Citizens demand answers as Flint water Crisis worsens

January 28th, 2016



Michigan governor Rick Snyder is facing harsh criticism and accusations of ignoring the present water crisis in the city of Flint, Michigan, located nearly 70 miles northwest of Detroit. The 100,000 citizens of Flint have been unable to drink the city’s water due to extremely high levels of lead.


Although this issue has just recently come to light, it has been ongoing for nearly two years. In April 2014, the city of Flint ceased use of Detroit’s water supply and started using water from the Flint River in order to save money, as over 41 percent of Flint’s residents live below the poverty line, according to CNN.


At the time, although the Flint River was known by its citizens to be dirty and was thought to be toxic, the Flint city government confirmed that the water was safe to drink, according to The New York Times. However, residents complained about the smell and color of the water until August 2014, when officials issued boil alerts when concerning levels of coliform bacteria were found in the water. Additionally, it was discovered that water from the Flint River was so corrosive, it caused lead in the pipes to leach into citizens’ water supply.


Last January, Detroit offered to allow Flint to use its water again, but the city government refused and confirmed water from the Flint River was safe to drink in March 2015. However, a study done in September by doctors at Hurley Medical Center found high levels of lead in the blood of children living in Flint, ABC News reported. Despite these findings, state officials maintained the water was safe to intake. However, Snyder acknowledged the discovery of lead and pledged to solve the problem. By October 2015, Snyder called for Flint to return to Detroit’s water supply.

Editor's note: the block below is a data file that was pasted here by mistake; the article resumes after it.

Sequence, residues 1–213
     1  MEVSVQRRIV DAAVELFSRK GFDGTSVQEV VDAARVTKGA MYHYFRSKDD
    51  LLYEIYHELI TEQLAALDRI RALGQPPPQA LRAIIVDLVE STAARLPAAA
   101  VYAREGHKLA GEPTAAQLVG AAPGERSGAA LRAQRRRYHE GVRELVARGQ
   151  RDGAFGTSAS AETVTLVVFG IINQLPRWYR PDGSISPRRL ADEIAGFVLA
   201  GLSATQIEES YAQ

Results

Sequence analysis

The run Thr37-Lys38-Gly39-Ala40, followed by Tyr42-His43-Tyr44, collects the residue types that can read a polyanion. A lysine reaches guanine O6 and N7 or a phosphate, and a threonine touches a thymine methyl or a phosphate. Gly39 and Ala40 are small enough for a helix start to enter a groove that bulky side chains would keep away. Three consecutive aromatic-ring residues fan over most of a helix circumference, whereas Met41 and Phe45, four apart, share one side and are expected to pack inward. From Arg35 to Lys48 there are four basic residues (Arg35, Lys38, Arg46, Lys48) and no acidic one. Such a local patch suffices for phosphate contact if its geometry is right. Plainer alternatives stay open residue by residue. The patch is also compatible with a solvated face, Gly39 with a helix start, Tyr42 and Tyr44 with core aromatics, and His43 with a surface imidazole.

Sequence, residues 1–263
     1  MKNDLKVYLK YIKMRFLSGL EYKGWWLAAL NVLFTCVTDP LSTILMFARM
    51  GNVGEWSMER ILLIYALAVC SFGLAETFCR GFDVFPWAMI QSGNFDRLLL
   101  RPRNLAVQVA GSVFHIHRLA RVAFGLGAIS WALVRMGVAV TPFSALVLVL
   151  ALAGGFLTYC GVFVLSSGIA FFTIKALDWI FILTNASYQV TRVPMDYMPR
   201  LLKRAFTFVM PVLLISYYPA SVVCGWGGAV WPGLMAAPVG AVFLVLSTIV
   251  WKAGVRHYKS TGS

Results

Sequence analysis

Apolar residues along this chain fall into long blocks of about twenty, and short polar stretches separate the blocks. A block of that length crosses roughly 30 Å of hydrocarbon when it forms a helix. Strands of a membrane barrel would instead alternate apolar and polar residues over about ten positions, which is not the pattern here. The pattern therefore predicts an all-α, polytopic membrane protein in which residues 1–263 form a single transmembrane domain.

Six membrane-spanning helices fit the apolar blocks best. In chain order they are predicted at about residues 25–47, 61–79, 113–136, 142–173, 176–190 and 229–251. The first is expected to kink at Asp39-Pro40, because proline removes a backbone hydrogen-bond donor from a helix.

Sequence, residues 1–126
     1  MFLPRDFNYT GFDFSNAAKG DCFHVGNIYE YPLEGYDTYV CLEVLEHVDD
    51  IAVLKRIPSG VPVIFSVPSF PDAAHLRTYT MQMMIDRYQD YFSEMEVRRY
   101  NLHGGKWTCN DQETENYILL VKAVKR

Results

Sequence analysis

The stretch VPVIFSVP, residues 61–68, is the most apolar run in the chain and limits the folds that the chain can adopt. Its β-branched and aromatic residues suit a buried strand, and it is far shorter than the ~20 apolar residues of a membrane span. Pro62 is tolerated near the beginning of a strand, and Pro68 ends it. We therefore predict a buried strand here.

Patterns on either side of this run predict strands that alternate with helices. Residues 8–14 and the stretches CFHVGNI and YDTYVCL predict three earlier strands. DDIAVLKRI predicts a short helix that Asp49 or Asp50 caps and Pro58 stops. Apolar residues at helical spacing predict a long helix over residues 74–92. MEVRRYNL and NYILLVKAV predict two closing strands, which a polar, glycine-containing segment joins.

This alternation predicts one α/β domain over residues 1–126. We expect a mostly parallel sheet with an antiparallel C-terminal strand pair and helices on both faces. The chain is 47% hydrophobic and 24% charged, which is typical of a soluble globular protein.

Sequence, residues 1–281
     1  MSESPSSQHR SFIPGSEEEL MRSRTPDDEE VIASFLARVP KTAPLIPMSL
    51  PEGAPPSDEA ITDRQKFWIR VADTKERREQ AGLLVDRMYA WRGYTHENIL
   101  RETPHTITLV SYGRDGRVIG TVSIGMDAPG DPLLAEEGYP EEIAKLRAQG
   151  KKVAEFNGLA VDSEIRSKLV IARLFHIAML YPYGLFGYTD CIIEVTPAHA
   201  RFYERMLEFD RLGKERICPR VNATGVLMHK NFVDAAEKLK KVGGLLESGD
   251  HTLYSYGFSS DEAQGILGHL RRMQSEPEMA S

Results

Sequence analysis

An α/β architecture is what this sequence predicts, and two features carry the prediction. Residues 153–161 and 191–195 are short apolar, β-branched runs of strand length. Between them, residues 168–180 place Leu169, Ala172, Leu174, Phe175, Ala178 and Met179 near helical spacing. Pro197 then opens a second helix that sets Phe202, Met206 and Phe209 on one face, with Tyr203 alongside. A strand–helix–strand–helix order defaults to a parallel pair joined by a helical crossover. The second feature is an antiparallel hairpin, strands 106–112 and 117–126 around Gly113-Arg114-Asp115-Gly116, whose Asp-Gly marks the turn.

State of State Flint Water

The New York Times reported that Snyder declared a state of emergency in Flint in December 2015, which extended to all of Genesee County on Jan. 5, 2016.


Since then, Snyder has publicly apologized for the crisis, to little avail, as many of Flint’s citizens are calling for his resignation. Additionally, according to The Washington Post, the American Civil Liberties Union of Michigan found that incriminating excerpts had been removed from early reports on Flint’s water.


On Saturday, Jan. 16, President Obama declared a federal state of emergency for Genesee County and permitted $5 million in federal aid to be allocated to Flint, according to BBC News.


Although Flint’s residents have been calling for solutions to the water crisis for several months, the Environmental Protection Agency finally intervened on Thursday, Jan. 21, calling to action the state of Michigan.


The EPA’s regional director, Susan Hedman, announced her resignation on Jan. 21, after Michigan’s water quality director did the same weeks prior.


To illustrate the level of lead, a team of researchers at Virginia Tech released a study in the summer of 2015 examining the 90th percentile of homes in Flint and its neighboring cities. 10 percent of homes in Flint were noted to have over 27 parts per billion of lead, according to The Washington Post. The highest level noted was 158 parts per billion. To compare, the 90th percentile of homes in Detroit has just over two parts per billion, and the EPA considers five parts per billion cause for concern. At 15 parts per billion, the EPA recommends—but does not demand—that cities take action to star reducing the amount of lead in the water.


At the end of 2015, these researchers retested 30 homes, finding that the lowest readings of lead were about 200 parts per billion. Half of the homes tested exceeded 1,000 parts per billion, and some were over 5,000 parts per billion, falling into the EPA’s category of toxic waste.


Editor’s Note: Information from CNN, The New York Times, ABC News, The Washington Post and BBC News was used in this report.